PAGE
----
There are lots of people who want to help others but often don’t have the time to commit to a regular voluntary role, so it is great to hear about initiatives that let people be flexible in the way they give back to their community.
At a Hub Launchpad event before Christmas we heard from someone working at Casserole Club, which helps people share extra portions of home cooked food with others in their area who are not able to cook for themselves. By sharing food you help someone enjoy a nutritious meal, but also you might be the only form of social contact that person has all week. This simple way of helping others in your community is only available in Barnet, Tower Hamlets, and Reigate at the moment, but that hasn’t stopped a lady in Wales – she took to gumtree to offer free meals every Monday for families in need.
Good Gym is another example of how people can help out in their communities without having to commit to regular volunteering. Here people go on organised group runs and work on community projects, so people can get fit while helping others!
Both Casserole Club and Good Gym give people a way to extend or modify their regular activities so they can help people in their communities. They also both help reduce isolation and loneliness that many people experience.
I am sure there are lots of other charities, social enterprises, and community projects that also offer flexible volunteering opportunities. Are you involved with one? Please share your experiences of them in the comments section.
There are lots of organisations doing great work to help reduce loneliness and isolation, including the Campaign to End Loneliness. Despite the hard work lots of people and organisations put in to ending isolation and loneliness we still have over 800,000 chronically lonely people in England. Three things really frustrate and infuriate me about this area:
- People feel lonely throughout the year, yet it is only in the weeks before Christmas that this issue is highlighted in the media. It seems when the weather is a bit nicer and Christmas isn’t a few weeks away it doesn’t really matter that people are lonely and isolated.
- When people talk about loneliness, they mainly talk about older people. It is important we do something to help the thousands of older people who are lonely, but what about everyone else who experiences it? Many people probably don’t even recognise they are lonely as it is a term associated with people aged over 60.
- Many organisations do not collaborate or support other organisations working towards similar goals. I recently spent a morning in Reading asking people to help promote a free coach holiday for isolated older people in the area by putting up a poster in their shop. I wasn’t asking for money, all I was asking for was for them to display one poster for a couple of weeks. I wasn’t overly surprised when high street shops and restaurants said no, but I was outraged when charity shops said they couldn’t put a poster in their shop! I can’t understand why a charity would not be willing to help local people find out about a free coach holiday! Having volunteered in a charity shop for several months myself I was really surprised by the lack of enthusiasm and excitement from the volunteers and staff in the shops I visited. If charities will not support each other, how can we expect individuals and businesses to support us?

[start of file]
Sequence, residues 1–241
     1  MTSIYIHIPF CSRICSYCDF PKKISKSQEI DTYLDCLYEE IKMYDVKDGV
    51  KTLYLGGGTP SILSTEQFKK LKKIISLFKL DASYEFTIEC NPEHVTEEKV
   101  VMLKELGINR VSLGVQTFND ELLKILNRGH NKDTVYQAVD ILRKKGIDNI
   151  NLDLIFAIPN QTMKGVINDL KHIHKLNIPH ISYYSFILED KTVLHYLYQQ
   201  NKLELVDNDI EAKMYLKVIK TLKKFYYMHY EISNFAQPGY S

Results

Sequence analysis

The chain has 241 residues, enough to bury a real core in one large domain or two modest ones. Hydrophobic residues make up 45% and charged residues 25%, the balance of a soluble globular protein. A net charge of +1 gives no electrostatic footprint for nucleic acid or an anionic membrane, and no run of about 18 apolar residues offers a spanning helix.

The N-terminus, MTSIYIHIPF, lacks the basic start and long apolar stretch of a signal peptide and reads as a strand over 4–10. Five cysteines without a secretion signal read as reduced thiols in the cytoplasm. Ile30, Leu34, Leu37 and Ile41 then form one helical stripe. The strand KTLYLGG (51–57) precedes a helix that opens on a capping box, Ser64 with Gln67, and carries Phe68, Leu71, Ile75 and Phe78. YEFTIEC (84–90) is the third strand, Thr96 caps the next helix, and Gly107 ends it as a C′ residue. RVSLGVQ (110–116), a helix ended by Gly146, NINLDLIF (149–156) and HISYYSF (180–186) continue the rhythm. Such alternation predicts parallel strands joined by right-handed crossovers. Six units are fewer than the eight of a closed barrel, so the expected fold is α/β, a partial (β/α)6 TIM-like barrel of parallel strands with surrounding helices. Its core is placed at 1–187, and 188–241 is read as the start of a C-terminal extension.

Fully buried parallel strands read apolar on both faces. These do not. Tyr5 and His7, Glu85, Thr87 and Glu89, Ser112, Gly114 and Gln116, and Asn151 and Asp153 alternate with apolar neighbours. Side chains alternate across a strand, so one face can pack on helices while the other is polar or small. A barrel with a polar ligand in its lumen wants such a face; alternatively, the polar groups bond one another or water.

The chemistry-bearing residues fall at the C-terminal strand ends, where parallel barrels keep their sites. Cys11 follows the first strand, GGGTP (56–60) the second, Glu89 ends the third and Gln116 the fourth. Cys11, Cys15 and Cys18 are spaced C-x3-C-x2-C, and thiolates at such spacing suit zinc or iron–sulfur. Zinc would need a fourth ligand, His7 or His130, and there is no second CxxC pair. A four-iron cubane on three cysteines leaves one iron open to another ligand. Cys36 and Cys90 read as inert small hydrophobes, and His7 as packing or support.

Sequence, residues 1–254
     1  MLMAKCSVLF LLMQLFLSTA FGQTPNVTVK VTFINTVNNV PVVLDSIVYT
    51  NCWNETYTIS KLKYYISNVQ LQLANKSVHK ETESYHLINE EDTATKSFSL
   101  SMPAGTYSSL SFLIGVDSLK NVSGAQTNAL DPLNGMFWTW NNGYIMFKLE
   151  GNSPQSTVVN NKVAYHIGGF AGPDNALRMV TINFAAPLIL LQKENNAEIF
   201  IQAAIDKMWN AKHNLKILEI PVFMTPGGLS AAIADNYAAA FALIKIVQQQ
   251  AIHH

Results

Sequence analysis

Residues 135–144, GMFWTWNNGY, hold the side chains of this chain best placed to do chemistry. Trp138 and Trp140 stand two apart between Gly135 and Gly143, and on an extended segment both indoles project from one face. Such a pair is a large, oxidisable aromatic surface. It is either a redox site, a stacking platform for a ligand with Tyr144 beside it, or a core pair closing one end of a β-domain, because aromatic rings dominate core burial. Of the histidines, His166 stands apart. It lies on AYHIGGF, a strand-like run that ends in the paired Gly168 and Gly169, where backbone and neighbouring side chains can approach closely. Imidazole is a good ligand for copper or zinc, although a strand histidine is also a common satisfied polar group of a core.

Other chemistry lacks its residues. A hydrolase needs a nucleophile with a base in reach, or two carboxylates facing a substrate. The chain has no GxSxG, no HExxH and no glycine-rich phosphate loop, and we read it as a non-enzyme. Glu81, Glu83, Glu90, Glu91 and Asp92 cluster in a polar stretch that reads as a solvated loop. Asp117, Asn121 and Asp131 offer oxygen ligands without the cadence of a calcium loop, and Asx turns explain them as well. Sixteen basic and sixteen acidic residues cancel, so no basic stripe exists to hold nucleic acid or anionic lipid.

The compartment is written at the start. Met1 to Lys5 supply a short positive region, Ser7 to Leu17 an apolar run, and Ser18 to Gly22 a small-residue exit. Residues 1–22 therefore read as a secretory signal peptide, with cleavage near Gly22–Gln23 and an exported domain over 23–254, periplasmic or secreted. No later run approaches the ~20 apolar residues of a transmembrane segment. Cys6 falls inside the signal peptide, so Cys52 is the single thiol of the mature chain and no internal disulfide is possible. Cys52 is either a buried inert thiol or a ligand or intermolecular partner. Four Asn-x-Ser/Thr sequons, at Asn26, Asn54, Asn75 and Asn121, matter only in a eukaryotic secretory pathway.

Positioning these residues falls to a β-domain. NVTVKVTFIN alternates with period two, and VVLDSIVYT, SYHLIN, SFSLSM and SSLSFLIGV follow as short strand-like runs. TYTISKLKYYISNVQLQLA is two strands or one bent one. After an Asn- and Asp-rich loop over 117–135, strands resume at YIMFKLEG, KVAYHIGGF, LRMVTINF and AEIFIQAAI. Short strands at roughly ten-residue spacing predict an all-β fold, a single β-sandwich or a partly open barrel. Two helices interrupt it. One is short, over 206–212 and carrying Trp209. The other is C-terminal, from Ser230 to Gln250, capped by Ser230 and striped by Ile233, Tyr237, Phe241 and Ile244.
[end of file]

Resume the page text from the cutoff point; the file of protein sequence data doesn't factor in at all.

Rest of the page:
Do you ever feel guilty about how much time you spend with your parents? If so, the See your folks website will probably make you feel even worse! The website uses data from the World Health Organisation to predict how many times you are likely to see your parents before they die.
While this website can be shocking / upsetting at first, it might actually be a really good way of encouraging people to consider how they use their time and what their priorities are.
I don’t think people should feel guilty about how much time they spend with their parents. For various reasons it is not always possible for people to live close to their parents or to see them on a regular basis. It’s important for older people to have a large network of people they can have a nice time with and who they can ask for help.
If everyone helped others and got involved with their local areas we wouldn’t have to worry about how our parents will manage without us living close by. I am hoping A Friend Indeed, the organisation I am working to set up, will help people connect to others in their communities. Everyone has a skill that can help someone else, from gardening to translating documents into English, running errands to doing DIY, cooking and baking to IT support. By helping someone in your community, and receiving support in return, we hope a long-lasting friendship will develop. If you are interested in getting involved please get in touch or like our Facebook page!